“His argument [Berry’s colleague's] was based on the belief that once one had attained the metropolis, the literary capital, the worth of one’s origins was canceled out; there simply could be nothing worth going back to. What lay behind one had ceased to be a part of life, and had become 'subject matter'…that a place such as I came from could be returned to only at the price of intellectual death; cut off from the cultural springs of the metropolis…Finally, there was the assumption that the life of the metropolis is the experience, the modern experience, and that the life of the rural towns, the farms, the wilderness places is not only irrelevant to our time, but archaic as well…”
The Art of the Commonplace
Essential essays are included in this volume from Wendell Berry's writings on agrarianism, agriculture, and community.
Long before organic produce was available at local supermarkets, Berry was farming with the purity of food in mind. Drawn from more than 30 years of work, this collection is essential reading for anyone who cares about what they eat.
As I navigate my own way in these murky waters, I’ve been encouraged by the words of Wendell Berry in his recent book Imagination in Place, which I’m currently reading. In one of the earlier chapters, Berry talks about the importance of both knowing and imagination for thoughtful living. His words suggest that to thoughtfully live into the world we must be able to simultaneously know some corner of it and its problems intimately and possess the capacity to re-imagine that corner of the world as something more than what it is now.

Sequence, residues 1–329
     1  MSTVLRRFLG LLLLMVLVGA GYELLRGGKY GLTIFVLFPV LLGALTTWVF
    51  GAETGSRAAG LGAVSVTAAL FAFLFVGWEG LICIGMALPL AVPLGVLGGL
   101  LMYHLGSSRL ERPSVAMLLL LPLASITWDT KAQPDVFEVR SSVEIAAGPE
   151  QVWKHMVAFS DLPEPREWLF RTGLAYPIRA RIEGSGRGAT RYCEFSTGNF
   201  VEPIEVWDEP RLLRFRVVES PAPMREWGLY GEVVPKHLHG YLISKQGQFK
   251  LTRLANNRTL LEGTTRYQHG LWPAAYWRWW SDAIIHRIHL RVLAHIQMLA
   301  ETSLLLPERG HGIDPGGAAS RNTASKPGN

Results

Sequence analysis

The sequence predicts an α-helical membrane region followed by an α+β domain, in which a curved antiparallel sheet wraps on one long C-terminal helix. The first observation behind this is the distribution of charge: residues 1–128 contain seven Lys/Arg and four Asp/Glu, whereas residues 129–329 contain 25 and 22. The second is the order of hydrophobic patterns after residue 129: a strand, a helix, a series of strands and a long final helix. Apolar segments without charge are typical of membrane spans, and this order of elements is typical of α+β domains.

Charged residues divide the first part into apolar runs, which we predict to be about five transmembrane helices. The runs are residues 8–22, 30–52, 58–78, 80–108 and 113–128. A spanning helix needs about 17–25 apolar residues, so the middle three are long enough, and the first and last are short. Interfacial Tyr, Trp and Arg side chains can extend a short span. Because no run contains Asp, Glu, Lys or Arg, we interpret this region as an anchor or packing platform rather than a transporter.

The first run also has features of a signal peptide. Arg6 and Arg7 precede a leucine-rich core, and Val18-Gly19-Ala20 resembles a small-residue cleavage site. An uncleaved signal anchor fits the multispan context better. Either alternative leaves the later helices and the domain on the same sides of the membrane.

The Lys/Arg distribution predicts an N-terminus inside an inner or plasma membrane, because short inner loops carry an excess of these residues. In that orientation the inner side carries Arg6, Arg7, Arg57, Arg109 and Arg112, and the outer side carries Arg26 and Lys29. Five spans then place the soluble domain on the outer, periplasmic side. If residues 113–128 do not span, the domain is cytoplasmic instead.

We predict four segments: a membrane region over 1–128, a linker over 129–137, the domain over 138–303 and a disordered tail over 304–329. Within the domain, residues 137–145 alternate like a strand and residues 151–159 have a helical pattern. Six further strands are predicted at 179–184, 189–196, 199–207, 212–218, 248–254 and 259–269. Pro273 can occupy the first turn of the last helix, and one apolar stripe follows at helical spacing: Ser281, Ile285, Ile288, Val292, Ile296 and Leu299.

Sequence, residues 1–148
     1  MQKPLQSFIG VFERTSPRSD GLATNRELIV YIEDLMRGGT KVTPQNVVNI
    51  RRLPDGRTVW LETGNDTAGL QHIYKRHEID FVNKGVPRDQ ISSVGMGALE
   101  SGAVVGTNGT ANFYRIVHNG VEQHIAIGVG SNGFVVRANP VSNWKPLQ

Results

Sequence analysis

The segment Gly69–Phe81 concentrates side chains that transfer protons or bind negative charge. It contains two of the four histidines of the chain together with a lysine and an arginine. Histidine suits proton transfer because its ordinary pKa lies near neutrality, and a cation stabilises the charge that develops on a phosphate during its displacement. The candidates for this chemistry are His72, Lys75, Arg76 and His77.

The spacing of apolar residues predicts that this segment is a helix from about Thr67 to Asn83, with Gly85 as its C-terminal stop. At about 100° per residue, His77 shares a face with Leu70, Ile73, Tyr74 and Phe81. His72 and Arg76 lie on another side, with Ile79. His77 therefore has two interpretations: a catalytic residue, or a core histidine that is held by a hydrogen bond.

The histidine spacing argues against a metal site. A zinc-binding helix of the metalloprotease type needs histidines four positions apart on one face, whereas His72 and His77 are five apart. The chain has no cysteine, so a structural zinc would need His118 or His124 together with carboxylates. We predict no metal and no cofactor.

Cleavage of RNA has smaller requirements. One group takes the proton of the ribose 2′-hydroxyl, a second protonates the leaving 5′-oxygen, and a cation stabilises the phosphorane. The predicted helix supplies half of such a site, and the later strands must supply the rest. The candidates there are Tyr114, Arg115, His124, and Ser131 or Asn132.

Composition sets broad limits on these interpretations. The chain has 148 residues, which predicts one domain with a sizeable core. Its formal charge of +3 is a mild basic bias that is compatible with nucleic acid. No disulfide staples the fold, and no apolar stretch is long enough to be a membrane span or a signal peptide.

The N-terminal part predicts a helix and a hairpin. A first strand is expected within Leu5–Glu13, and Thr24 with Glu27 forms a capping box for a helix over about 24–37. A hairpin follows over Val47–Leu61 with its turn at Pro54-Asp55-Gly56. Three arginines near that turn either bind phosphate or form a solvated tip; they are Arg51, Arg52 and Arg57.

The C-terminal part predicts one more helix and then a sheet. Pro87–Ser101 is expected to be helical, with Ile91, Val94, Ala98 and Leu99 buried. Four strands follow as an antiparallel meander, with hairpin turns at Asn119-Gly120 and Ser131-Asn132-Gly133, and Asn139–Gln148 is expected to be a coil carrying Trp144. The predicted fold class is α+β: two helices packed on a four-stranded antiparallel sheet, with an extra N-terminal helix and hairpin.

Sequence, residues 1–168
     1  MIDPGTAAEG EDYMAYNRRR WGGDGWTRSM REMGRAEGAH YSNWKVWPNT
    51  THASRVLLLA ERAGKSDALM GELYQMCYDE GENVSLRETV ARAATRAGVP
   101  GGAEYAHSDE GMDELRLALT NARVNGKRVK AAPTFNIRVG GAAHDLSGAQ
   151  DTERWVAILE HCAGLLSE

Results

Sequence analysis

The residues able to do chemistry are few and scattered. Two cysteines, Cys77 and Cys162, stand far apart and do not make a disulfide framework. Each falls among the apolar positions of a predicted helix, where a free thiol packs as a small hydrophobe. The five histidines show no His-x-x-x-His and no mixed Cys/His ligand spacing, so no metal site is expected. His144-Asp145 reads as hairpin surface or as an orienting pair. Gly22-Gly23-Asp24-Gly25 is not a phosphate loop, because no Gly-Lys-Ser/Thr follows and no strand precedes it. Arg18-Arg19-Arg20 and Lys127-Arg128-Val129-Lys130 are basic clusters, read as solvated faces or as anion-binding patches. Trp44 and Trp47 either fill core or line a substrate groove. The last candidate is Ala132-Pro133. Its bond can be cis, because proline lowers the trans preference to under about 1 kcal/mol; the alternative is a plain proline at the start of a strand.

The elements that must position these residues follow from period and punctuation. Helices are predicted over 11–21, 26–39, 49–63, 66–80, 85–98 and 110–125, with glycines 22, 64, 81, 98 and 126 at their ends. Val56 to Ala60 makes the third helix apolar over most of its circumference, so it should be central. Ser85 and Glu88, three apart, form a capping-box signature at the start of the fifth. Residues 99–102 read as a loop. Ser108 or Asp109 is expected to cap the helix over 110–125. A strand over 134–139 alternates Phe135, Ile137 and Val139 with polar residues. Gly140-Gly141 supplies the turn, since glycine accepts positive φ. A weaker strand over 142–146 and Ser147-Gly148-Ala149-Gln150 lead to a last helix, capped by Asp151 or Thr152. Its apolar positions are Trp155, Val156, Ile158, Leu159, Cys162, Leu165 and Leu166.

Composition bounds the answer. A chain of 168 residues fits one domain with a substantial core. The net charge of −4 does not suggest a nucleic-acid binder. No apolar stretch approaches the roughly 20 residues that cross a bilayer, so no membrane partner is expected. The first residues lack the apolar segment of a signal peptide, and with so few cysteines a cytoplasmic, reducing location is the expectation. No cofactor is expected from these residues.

There is so much in my most recent conversation about all of this with Bill McKibben that will frame and deepen my sense of the nature and meaning of climate change moving forward. Among them is an exceedingly helpful four minutes, a brief history of climate change that we’re making available as a separate podcast. But what has stayed with me most of all, I think, is a stunning equation he is ready to make after two decades of immersion in the scientific, cultural, and economic meaning of our ecological present. He points out that cheap fossil fuels have allowed us to become more privatized, less in need of our neighbor, than ever in human history. And he says that in almost every instance, what is good for the environment is good for human community. The appeal of the farmers market is not just its environmental and economic value but the drama, the organic nature, of human contact.